"One day last summer Representative John A. Boehner of Ohio, chairman of the House Republican Conference, decided to play Santa Claus. . . . Mr. Boehner took it upon himself to begin handing out money from tobacco lobbyists to certain of his colleagues on the House floor. He was not deterred by the fact that the House was in session, and that he was supposed to be attending to the nation's business. He was not constrained by any sense that passing money around the floor of the House of Representatives was a sacrilege. He had the checks and he dispensed them."--Columnist Bob Herbert, NEW YORK TIMES, May 10, 1996, p. A33. [Herbert went on to say that according to the House Ethics Committee, Boehner's action was not illegal. Although it is against the law to solicit contributions while on Federal property, representatives and senators are free to accept and distribute donations that are voluntarily offered.]*****************************************************************
1) Garner additional media coverage on the industry's tactics outlined in MOTHER JONES by following leads at the local level. Identify and publicize local examples as part of the covert national strategy that the industry is using to manipulate the political process to suit its own profit needs. For instance, expose local front groups or public relations firms working secretly on behalf of tobacco.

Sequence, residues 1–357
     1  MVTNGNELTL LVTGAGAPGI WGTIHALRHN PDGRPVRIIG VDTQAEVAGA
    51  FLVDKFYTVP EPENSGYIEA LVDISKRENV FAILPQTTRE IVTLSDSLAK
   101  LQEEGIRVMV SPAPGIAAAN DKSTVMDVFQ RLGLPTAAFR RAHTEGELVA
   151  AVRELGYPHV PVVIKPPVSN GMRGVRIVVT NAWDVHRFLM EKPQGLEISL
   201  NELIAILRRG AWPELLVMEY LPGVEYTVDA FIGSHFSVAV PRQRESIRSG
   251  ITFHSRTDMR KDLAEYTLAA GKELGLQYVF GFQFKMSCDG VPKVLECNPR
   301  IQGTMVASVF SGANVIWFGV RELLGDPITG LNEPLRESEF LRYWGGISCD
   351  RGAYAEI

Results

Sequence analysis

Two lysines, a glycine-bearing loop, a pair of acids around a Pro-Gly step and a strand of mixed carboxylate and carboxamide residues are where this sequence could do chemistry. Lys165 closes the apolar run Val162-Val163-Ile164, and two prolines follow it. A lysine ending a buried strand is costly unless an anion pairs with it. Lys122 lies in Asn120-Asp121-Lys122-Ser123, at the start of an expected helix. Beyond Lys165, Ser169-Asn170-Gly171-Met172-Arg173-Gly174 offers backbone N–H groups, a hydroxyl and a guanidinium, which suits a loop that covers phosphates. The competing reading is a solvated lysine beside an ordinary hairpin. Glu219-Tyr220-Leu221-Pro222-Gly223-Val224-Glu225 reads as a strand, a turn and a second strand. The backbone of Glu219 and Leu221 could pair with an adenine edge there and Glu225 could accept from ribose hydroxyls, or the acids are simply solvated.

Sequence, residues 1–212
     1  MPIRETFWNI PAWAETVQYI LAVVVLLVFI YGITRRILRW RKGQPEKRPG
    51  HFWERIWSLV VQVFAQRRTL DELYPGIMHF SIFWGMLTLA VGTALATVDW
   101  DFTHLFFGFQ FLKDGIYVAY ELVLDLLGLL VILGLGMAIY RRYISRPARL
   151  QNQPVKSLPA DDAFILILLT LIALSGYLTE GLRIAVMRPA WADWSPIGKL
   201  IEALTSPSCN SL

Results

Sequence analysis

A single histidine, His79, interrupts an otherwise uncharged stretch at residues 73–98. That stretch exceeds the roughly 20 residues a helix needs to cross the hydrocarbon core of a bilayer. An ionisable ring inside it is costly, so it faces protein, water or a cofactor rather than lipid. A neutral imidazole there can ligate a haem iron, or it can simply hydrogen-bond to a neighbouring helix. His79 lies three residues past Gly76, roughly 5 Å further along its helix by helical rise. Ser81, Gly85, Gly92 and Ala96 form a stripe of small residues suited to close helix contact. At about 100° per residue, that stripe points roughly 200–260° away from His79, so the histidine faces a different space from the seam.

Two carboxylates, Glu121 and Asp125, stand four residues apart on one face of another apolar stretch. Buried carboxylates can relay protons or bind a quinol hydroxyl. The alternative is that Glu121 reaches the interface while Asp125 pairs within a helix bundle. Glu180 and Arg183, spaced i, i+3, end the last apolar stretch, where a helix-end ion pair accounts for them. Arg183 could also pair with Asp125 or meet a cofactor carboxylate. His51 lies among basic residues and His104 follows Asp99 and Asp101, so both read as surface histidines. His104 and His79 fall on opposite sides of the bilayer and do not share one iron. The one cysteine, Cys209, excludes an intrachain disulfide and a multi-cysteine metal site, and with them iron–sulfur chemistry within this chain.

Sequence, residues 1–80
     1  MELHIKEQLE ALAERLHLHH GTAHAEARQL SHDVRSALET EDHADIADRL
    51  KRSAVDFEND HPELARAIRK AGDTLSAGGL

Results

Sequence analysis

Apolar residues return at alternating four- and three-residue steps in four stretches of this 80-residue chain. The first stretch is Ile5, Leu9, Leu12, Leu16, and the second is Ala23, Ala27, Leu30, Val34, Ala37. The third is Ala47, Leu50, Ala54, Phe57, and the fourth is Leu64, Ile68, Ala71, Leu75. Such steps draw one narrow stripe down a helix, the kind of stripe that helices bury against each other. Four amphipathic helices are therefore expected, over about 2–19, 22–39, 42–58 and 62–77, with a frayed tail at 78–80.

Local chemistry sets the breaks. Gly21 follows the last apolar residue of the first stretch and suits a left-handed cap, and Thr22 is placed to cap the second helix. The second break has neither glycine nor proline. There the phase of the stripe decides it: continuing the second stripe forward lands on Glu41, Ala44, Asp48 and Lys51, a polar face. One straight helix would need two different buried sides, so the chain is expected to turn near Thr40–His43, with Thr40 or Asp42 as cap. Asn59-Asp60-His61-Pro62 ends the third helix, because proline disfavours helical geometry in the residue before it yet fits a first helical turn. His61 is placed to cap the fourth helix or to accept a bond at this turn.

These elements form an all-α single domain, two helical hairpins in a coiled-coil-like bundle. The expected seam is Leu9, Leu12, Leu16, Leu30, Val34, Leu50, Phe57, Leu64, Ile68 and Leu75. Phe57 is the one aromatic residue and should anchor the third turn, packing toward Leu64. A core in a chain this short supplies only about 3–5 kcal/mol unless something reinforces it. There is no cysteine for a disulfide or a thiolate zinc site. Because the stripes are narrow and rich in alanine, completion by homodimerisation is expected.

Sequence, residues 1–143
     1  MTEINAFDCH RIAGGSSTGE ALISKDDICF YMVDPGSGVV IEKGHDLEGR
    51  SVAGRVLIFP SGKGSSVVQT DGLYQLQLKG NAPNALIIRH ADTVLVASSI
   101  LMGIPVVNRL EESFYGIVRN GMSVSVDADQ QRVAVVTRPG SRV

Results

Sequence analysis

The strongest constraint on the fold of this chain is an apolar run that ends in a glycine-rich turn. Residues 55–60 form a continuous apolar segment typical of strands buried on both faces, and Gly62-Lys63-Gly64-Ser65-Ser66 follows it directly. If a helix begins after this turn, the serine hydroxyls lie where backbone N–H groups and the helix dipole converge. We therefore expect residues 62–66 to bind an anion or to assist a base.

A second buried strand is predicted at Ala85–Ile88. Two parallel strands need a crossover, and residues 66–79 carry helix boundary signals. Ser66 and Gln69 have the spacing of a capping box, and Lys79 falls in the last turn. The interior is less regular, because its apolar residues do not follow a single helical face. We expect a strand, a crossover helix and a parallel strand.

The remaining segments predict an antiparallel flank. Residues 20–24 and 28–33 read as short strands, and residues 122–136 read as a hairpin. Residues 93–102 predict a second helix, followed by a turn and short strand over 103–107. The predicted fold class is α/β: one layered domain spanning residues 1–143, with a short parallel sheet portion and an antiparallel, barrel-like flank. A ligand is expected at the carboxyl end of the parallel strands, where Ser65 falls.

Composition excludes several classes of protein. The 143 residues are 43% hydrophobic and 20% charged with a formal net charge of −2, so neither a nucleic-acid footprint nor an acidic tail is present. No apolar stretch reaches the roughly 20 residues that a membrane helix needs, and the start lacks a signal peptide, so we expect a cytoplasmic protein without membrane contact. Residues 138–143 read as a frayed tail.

As candidates -- local, state and federal, of any political party - - come to your area, ask them their views on tobacco. Do they consider nicotine addictive? Do they support the Food and Drug Administration's (FDA) proposals to restrict the marketing and sales of tobacco to kids? Would they support firing FDA Commissioner Kessler? Do they accept tobacco money?
In general, whether or not you focus on specific local examples of these national strategies, contact local political reporters to ensure that they have the MOTHER JONES materials as they cover the 1996 campaigns.
2) Ask your lawmakers -- federal, state and local, of any political party -- to sign the Campaign for Tobacco-Free Kids' pledge not to accept tobacco money. If you don't have a copy of the pledge, contact the Campaign at (202) 296-5469 to get a copy. (For more information on tobacco money in politics, please see SCARC Action Alert, "Studies Show Impact of Tobacco Money in Politics; Campaign Unveils New Initiative on Tobacco Cash," 3/22/96.) Frame the decision to sign as a choice between protecting children or siding with a special interest that is corrupting the political process. As criticism continues to rise against the industry, lawmakers will feel pressure to show that they are not influenced by the industry. (Please see note below on electioneering.)
3) If you're interested in additional copies of the MOTHER JONES issue (or would like to subscribe), contact the subscription department at PO Box 469024, Escondido, CA 92046-9024, or 1-800- 334-8152, or 1-800-GET-MOJO.
MOTHER JONES has expressed interest in continuing coverage of the tobacco industry. If you have more tips on tobacco industry activities that you'd like to give to MOTHER JONES, you can contact Kerry Lauerman at (415) 357-0509.
** Please feel free to copy this alert. There is no need to ask for permission. **